The second route, is the right to appeal to the Crown Court against a sentence, conviction or both. The condition for this approach is that the defendant should not have pleaded guilty in the earlier stages of trial. This is done by filling a notice of appeal at least 21 days after the conviction to the magistrate court. This will be further presented to the Crown Court which will in turn inform the appellant of the date of hearing.
Role of Court Officials
There are numerous kinds of workers and professionals that carry out various activities in the court setting. This includes various persons who take up specific roles accepted in the English legal tradition. The following below are going to be analysed and reviewed:
Solicitors: A solicitor is involved in both preparation of cases and advocacy. They take up the commercial contact with clients and deal with the transactions, finances and other things including property matters in order to establish important activities in litigation and other legal matters. The solicitor works hand-in-hand with the barrister to complete cases in higher courts. Solicitors are members of the Law Society.
Barristers: Barristers are traditionally involved in advocacy and they are the ones who take the facts from solicitors and prepare cases and go to court to argue on the basis of the facts and evidence. They are to do things independently in order to prevent emotional errors and other things.
Magistrates: Magistrates are volunteers who are often laypersons and they sit in benches of 2 to 7 to hear cases within a given local jurisdiction. Magistrates are to deal with the cases relating to criminal offences and family issues and matters in the civil division.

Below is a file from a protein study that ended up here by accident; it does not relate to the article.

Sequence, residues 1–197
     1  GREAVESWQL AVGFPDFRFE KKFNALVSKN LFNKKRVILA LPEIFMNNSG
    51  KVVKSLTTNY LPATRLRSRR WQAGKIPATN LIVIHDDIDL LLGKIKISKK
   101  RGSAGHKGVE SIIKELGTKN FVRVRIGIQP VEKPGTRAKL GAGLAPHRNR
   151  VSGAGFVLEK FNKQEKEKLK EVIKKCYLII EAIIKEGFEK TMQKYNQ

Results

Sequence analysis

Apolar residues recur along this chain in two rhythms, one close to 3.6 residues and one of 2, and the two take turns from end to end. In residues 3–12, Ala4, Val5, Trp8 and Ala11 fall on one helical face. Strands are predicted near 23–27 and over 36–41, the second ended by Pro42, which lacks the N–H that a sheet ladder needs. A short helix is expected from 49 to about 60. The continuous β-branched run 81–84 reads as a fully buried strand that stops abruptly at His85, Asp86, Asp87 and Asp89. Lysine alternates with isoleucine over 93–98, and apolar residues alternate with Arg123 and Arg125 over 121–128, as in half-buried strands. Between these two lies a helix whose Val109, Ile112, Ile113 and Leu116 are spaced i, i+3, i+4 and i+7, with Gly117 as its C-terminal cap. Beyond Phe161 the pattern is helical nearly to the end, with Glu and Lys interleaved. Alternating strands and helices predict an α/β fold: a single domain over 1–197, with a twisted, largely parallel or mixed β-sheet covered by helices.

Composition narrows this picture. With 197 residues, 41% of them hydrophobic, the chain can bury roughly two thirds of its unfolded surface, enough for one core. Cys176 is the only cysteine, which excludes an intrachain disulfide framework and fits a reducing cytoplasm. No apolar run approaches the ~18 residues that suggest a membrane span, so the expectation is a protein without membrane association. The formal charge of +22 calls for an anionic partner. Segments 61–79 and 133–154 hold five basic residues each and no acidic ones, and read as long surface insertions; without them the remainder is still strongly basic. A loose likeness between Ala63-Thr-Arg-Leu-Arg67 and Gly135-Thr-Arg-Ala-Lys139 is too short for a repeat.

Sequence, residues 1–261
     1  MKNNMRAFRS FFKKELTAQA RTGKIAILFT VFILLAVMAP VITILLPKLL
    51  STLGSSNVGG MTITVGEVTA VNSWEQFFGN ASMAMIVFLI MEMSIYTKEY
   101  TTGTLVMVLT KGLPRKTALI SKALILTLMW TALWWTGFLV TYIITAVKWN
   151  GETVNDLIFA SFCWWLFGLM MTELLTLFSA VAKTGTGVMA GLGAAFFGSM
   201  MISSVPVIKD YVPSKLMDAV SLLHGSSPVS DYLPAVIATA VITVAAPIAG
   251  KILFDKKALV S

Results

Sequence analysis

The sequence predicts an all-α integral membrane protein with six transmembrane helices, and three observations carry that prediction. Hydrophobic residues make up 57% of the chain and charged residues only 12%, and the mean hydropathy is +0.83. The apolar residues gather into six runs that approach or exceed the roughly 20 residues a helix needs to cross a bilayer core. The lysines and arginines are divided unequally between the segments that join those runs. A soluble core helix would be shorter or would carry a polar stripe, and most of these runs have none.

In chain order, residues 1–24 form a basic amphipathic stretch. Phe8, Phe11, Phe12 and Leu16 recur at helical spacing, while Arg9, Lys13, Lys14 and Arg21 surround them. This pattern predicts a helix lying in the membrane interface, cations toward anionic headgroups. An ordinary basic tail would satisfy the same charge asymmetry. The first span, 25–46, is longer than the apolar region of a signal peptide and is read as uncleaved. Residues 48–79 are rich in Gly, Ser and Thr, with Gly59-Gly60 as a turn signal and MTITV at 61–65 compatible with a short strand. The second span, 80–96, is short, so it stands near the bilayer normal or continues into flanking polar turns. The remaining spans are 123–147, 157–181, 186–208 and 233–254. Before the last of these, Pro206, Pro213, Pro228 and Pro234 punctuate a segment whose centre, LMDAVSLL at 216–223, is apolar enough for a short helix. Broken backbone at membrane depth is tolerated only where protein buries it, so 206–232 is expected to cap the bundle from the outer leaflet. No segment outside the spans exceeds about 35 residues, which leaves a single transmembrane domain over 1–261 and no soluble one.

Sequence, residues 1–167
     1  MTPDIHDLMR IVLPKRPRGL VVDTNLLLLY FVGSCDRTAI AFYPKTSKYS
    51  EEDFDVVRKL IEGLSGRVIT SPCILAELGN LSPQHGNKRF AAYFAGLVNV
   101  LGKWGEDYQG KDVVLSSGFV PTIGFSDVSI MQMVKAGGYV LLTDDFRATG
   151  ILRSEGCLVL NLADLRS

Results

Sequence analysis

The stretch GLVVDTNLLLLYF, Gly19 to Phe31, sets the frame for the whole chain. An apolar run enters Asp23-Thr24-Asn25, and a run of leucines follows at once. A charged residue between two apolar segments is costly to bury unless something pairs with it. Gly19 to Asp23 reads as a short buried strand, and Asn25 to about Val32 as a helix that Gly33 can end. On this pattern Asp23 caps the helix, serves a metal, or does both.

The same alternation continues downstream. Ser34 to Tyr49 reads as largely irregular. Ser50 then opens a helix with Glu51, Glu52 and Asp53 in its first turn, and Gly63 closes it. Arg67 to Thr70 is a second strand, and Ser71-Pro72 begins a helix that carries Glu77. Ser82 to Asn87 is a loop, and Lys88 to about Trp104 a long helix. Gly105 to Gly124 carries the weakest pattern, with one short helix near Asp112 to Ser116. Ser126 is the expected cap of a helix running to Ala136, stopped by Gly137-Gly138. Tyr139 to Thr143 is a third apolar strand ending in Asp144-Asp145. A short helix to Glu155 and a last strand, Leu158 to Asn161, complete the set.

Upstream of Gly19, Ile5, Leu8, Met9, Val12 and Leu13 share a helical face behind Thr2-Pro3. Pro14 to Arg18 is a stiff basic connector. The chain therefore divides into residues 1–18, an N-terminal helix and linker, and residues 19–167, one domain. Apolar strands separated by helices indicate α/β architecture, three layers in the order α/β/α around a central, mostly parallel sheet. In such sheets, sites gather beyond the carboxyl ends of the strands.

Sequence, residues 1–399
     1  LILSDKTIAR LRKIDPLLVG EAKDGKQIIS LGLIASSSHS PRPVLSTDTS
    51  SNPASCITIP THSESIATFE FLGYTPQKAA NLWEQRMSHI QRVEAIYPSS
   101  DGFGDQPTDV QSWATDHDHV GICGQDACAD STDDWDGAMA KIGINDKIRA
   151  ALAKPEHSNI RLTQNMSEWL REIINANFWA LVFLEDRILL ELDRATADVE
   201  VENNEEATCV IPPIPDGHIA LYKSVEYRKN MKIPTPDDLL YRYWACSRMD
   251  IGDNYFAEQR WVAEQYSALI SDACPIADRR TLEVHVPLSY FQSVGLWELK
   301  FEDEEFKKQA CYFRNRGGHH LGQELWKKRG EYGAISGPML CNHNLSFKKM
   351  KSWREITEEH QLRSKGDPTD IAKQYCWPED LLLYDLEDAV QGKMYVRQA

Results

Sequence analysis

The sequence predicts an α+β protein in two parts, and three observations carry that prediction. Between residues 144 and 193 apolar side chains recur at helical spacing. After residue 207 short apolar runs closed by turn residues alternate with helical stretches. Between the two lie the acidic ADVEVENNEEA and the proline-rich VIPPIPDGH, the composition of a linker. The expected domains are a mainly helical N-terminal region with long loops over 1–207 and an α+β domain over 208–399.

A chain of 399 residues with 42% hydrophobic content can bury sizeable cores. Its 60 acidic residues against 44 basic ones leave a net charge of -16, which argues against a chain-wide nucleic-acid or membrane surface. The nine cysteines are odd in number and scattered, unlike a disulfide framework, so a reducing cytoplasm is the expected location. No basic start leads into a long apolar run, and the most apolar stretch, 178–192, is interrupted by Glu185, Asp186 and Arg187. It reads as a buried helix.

Ushers: The fundamental role of a court usher is to escort a participant in court. The court usher also spends a considerable volume of time moving documents about and ensuring that the procedures are going on appropriately. The court usher also ensures that a court participant is properly positioned and properly hydrated throughout the court session. Also, court ushers are required to moderate in the order of cases in order to allow appropriate cases to be heard at the right time.
Clerk: The court clerk has the duty of maintaining court documents and carrying out various administrative activities and processes to ensure that the case and its hearing proceeds appropriately. The court clerk has the duty of ensuring that the oaths of the participants in court are properly administered. In lower courts, a court clerk directs the magistrates and lay persons on how to carry out their activities.
Judges: The judge has the role of interpreting and upholding the law. He applies the law to important issues and acts as a referee in civil disputes.
Jury: A jury is a selection of lay members of the society to decide on the facts of a case, but not the legal elements. They are used in the Crown Courts and in some cases of the High Court. They sit as a group, sometimes 12 people and they decide on the basis of the facts presented by the parties.